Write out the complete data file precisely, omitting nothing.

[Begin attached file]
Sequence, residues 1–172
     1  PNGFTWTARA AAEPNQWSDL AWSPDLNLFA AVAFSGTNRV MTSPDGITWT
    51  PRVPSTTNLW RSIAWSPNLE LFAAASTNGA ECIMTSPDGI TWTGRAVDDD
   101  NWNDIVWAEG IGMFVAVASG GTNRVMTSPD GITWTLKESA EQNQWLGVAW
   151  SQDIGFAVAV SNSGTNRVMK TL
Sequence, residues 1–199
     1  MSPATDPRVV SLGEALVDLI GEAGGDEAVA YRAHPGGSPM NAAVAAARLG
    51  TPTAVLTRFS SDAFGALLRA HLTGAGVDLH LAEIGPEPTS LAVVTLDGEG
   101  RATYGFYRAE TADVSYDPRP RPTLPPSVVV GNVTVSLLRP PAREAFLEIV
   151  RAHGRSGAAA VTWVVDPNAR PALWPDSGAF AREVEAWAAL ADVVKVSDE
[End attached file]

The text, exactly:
Sequence, residues 1–172
     1  PNGFTWTARA AAEPNQWSDL AWSPDLNLFA AVAFSGTNRV MTSPDGITWT
    51  PRVPSTTNLW RSIAWSPNLE LFAAASTNGA ECIMTSPDGI TWTGRAVDDD
   101  NWNDIVWAEG IGMFVAVASG GTNRVMTSPD GITWTLKESA EQNQWLGVAW
   151  SQDIGFAVAV SNSGTNRVMK TL
Sequence, residues 1–199
     1  MSPATDPRVV SLGEALVDLI GEAGGDEAVA YRAHPGGSPM NAAVAAARLG
    51  TPTAVLTRFS SDAFGALLRA HLTGAGVDLH LAEIGPEPTS LAVVTLDGEG
   101  RATYGFYRAE TADVSYDPRP RPTLPPSVVV GNVTVSLLRP PAREAFLEIV
   151  RAHGRSGAAA VTWVVDPNAR PALWPDSGAF AREVEAWAAL ADVVKVSDE